No milestone from this past year sticks out more than the news of the world's population crossing the seven billion mark.
Demographers estimate we will hit eight billion sometime in the next twelve years. No one can say exactly when or where we will cross that threshold but one thing is guaranteed: each of those next billion will be children.
While there are many things to consider about our readiness for population growth and sustainability, I also keep this question in view: What are the odds that each of those children can reach the potential they came into the world with?
Nearly half the world exists on $2 a day or less -- and half of the world's children live in poverty. In the least developed countries, about 30% of children under the age of 14 work. As a result, these children become extremely vulnerable to exploitation and human trafficking. Nearly 1 million children are trafficked and enslaved each year.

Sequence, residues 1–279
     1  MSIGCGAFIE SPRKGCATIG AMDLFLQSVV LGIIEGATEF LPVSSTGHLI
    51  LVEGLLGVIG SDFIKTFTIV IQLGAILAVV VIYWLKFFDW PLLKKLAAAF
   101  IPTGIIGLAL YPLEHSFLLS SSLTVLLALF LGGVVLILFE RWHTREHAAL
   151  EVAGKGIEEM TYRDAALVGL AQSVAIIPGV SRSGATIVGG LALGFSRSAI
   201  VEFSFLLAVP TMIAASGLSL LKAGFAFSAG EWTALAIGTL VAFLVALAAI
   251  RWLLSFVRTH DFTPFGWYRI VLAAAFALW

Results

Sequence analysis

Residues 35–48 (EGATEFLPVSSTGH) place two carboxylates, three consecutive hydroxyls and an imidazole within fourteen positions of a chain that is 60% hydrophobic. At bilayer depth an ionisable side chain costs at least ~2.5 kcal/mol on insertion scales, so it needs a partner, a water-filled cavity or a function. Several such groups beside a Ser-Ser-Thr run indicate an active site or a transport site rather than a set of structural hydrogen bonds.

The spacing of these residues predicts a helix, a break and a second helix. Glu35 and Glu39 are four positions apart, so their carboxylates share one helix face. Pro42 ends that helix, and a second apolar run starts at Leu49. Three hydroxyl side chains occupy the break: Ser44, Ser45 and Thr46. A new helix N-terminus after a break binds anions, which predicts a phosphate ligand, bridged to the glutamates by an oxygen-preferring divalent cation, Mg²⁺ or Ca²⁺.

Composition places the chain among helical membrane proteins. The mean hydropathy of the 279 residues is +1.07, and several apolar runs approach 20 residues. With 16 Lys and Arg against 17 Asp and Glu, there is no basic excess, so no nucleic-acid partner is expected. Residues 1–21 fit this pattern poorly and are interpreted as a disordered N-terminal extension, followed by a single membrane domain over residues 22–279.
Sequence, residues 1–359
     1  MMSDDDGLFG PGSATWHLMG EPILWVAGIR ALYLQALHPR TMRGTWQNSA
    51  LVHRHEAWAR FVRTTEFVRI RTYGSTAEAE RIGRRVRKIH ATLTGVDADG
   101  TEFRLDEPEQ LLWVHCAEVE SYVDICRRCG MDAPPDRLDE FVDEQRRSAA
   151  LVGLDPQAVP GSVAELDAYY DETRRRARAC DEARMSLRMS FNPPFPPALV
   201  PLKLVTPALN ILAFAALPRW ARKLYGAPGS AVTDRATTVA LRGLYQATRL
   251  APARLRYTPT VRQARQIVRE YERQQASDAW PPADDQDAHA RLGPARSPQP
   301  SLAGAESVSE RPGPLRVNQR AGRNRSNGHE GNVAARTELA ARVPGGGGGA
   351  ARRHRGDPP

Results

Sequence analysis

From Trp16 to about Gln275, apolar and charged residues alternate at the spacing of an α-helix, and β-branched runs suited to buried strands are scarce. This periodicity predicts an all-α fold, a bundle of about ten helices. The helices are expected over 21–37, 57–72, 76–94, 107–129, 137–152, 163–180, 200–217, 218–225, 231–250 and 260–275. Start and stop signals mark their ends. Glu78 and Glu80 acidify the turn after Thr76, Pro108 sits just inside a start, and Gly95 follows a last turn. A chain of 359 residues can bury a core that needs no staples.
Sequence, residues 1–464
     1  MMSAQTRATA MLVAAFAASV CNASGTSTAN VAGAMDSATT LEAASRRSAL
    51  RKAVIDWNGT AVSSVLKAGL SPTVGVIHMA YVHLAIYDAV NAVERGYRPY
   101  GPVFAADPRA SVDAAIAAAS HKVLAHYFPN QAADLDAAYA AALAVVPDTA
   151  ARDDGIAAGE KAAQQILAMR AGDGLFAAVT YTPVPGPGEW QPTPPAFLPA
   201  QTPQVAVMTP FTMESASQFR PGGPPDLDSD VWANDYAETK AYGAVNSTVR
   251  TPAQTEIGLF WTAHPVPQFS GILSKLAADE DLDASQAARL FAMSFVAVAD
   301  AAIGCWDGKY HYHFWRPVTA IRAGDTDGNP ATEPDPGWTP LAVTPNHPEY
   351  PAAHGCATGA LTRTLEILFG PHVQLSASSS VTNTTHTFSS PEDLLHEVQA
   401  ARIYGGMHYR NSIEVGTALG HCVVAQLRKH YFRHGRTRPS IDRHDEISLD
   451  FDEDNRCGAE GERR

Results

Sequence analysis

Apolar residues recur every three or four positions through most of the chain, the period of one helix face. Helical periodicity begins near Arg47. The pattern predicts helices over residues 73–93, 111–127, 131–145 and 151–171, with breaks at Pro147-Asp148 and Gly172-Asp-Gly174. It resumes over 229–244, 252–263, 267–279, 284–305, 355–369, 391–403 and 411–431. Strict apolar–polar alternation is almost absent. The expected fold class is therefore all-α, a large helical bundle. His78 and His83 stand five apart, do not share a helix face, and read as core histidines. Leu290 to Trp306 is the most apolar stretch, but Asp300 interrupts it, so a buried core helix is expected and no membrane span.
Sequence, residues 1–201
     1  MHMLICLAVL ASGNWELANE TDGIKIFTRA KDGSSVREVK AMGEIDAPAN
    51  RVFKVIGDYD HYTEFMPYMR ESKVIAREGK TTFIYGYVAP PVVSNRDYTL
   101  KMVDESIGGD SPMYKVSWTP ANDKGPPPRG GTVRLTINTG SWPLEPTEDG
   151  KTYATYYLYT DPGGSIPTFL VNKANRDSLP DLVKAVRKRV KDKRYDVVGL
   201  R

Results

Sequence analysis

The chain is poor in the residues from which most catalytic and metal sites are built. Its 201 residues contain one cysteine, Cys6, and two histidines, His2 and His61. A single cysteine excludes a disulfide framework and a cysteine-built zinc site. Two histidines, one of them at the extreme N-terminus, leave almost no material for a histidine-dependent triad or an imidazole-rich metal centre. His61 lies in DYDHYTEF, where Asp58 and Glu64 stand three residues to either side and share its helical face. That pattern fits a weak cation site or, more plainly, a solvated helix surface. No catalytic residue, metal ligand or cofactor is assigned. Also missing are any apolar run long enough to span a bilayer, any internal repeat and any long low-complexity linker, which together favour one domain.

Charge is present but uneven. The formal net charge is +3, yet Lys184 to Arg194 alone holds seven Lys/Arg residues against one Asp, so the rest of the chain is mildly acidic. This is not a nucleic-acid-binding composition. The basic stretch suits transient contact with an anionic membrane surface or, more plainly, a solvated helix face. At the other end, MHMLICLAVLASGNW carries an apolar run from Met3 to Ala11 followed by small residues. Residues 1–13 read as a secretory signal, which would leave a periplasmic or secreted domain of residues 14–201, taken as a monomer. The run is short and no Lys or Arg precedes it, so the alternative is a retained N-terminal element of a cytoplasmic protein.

So what of the next billion? Will they learn or labor? Will they be free or enslaved? Will they know trauma or recovery? Will they be shown pathways to thrive or will they be stuck, as economist Paul Collier describes as the "bottom billion"?
If you believe all lives are of equal value, writing off a generation is simply unconscionable. Their future and ours have never before been so globally and inextricably tangled. Economic and political stability, global workforce and markets, the well being of civil society -- we'll rise or fall together.
[Excerpt of article by Kristin Lindsey, CEO of The Global Fund for Children]